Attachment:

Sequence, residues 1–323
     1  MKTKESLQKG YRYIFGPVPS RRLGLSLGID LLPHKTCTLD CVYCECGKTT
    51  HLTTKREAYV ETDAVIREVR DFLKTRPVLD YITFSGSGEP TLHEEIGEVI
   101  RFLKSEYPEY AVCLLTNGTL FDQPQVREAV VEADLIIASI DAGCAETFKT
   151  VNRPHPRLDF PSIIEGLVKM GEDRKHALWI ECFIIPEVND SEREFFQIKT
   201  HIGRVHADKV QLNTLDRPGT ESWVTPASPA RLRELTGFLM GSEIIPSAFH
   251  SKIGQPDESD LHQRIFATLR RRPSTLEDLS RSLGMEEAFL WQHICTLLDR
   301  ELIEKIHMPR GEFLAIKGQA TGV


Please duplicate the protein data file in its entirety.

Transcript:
Sequence, residues 1–323
     1  MKTKESLQKG YRYIFGPVPS RRLGLSLGID LLPHKTCTLD CVYCECGKTT
    51  HLTTKREAYV ETDAVIREVR DFLKTRPVLD YITFSGSGEP TLHEEIGEVI
   101  RFLKSEYPEY AVCLLTNGTL FDQPQVREAV VEADLIIASI DAGCAETFKT
   151  VNRPHPRLDF PSIIEGLVKM GEDRKHALWI ECFIIPEVND SEREFFQIKT
   201  HIGRVHADKV QLNTLDRPGT ESWVTPASPA RLRELTGFLM GSEIIPSAFH
   251  SKIGQPDESD LHQRIFATLR RRPSTLEDLS RSLGMEEAFL WQHICTLLDR
   301  ELIEKIHMPR GEFLAIKGQA TGV